The war in Ukraine and the related sanctions that international locations round the world have imposed on Russia will likely trigger a downgrade of the International Monetary Fund’s global financial progress forecast, Kristalina Georgieva, the I.M.F.’s managing director, mentioned on Thursday.
The Ukraine disaster represents one other shock to a world financial system that was simply rising from the coronavirus pandemic, and it has been compounding global provide chain disruptions and inflation headwinds which were trigger for concern. The full influence on the world financial system stays unsure, I.M.F. officers mentioned, and will depend upon the final result of the war and the way lengthy sanctions stay.
“We just got through a crisis like no other with the pandemic and we are now in an even more shocking territory,” Ms. Georgieva instructed reporters. “The unthinkable happened — we have a war in Europe.”
In January, the I.M.F. reduced its estimated global growth rate for 2022 to 4.4 p.c, from the 4.9 percent it had projected final 12 months, because of slowdowns in the United States and China.
Ms. Georgieva mentioned that the most important menace to the world financial system was higher inflation coming from increased commodity costs as international locations shift consumption away from Russian oil and fuel. This, in flip, might eat into shopper spending. Worsening monetary situations and enterprise confidence even have the potential to weigh on progress.
“The surging prices for energy and other commodities — corn, metals, inputs for fertilizers, semiconductors — they are coming, in many countries, on top of already high inflation and are causing grave concern in so many places around the world,” Ms. Georgieva mentioned.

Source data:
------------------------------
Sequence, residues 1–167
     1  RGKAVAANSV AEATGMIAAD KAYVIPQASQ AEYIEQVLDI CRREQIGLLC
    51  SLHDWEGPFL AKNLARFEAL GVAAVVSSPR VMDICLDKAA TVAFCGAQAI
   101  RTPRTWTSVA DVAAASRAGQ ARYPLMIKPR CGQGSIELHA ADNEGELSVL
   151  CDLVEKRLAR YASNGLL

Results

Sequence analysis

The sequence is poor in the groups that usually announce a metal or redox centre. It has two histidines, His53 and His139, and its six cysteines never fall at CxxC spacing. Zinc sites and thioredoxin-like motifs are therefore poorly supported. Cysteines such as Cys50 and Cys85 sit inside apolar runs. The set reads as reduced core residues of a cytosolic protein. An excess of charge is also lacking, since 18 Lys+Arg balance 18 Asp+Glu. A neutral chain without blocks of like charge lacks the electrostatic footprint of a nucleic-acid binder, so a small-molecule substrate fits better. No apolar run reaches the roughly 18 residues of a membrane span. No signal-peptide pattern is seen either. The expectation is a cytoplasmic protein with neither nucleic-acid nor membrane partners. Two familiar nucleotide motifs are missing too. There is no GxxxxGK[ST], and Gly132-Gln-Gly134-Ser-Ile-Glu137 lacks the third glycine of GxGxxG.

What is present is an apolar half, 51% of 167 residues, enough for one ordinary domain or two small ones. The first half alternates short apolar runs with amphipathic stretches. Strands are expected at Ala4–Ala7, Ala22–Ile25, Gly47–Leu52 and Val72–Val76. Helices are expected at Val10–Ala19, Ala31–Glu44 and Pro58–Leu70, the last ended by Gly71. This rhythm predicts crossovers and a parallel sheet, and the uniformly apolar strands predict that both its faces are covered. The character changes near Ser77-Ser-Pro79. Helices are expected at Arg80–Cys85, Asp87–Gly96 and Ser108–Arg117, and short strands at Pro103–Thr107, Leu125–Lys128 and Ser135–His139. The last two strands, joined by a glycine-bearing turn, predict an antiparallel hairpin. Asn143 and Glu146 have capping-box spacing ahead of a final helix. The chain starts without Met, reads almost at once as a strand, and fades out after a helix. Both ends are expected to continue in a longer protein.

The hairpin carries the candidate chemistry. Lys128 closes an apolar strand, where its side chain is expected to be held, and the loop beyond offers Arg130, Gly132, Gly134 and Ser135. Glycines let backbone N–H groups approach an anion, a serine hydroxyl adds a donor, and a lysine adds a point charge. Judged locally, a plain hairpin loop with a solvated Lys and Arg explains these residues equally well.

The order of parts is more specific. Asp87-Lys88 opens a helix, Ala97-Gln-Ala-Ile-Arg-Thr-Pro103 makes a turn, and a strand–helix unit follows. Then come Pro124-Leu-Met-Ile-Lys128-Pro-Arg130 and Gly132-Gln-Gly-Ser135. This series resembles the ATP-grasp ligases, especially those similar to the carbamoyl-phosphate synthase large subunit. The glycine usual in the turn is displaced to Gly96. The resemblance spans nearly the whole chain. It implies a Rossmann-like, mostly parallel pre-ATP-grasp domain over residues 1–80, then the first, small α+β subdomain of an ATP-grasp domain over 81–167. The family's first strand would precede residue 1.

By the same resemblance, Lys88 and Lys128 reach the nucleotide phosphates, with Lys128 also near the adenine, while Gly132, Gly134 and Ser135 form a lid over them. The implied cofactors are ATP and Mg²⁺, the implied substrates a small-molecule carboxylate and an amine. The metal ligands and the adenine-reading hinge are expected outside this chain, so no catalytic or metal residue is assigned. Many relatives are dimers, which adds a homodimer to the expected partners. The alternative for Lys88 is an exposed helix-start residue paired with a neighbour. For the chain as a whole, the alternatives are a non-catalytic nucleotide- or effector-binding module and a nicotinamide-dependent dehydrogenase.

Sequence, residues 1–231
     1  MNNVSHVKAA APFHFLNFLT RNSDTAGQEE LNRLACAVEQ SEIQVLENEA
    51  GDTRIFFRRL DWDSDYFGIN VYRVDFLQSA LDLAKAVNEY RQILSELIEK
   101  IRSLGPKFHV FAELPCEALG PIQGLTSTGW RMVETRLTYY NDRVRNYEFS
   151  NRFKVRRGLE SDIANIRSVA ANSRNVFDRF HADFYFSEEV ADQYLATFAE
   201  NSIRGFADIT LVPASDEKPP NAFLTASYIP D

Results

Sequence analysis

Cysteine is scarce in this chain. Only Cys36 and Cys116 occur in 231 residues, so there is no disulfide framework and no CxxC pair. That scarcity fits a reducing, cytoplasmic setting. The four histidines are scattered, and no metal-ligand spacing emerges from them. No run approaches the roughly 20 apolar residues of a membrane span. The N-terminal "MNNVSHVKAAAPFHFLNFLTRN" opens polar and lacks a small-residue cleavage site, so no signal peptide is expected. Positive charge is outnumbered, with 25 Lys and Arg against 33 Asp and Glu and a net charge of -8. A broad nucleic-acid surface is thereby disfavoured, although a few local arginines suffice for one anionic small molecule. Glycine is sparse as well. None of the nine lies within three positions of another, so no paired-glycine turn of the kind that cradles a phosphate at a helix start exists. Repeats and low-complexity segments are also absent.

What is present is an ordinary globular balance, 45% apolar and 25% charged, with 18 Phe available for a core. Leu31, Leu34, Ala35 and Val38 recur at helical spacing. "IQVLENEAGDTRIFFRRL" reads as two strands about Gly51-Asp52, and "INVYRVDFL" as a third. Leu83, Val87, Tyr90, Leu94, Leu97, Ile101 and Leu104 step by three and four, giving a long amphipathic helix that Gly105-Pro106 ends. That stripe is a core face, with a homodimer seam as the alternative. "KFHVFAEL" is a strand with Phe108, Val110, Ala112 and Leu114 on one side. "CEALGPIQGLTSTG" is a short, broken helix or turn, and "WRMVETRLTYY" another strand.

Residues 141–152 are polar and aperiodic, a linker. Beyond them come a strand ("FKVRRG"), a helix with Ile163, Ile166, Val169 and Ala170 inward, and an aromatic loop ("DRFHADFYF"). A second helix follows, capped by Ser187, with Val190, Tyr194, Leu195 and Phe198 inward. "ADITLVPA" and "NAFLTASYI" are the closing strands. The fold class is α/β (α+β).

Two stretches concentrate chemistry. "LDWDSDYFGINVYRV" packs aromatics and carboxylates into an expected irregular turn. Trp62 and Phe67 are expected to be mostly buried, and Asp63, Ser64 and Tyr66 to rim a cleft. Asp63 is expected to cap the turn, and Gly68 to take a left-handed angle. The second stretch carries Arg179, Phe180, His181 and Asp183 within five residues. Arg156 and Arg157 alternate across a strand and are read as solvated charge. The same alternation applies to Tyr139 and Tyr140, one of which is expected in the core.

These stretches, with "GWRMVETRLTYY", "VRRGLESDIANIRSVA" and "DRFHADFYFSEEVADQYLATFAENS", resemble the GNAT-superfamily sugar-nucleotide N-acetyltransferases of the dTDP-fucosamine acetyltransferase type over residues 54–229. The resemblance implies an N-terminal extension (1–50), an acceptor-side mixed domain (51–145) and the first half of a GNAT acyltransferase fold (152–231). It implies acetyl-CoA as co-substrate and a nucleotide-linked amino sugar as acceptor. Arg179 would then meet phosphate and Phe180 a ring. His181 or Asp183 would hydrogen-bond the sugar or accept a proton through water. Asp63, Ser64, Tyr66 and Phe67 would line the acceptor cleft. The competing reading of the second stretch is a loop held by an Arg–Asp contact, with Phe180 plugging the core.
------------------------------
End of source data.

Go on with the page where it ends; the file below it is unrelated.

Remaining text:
The I.M.F. is working to develop a plan to offer extra help for Ukraine’s eventual rebuilding effort, however mentioned that it was too quickly to know the extent of the nation’s wants. This week, the fund’s government board approved $1.4 billion in emergency financing.
Ukraine’s prime financial adviser mentioned earlier on Thursday that Russia had already destroyed $100 billion worth of the country’s assets.
The fund can also be assessing the influence of the sanctions on the financial system of Russia. Much of its monetary sector and its central financial institution has been blacklisted.
“The Russian economy is contracting and the recession in Russia is going to be deep,” Ms. Georgieva mentioned. “That is already clear.”
She mentioned it was unlikely that Russia would be capable to entry its emergency forex reserves due to sanctions.
The I.M.F. has halted operations and packages in Russia. Ms. Georgieva mentioned that there had been no discussions about ending Russia’s membership in the fund.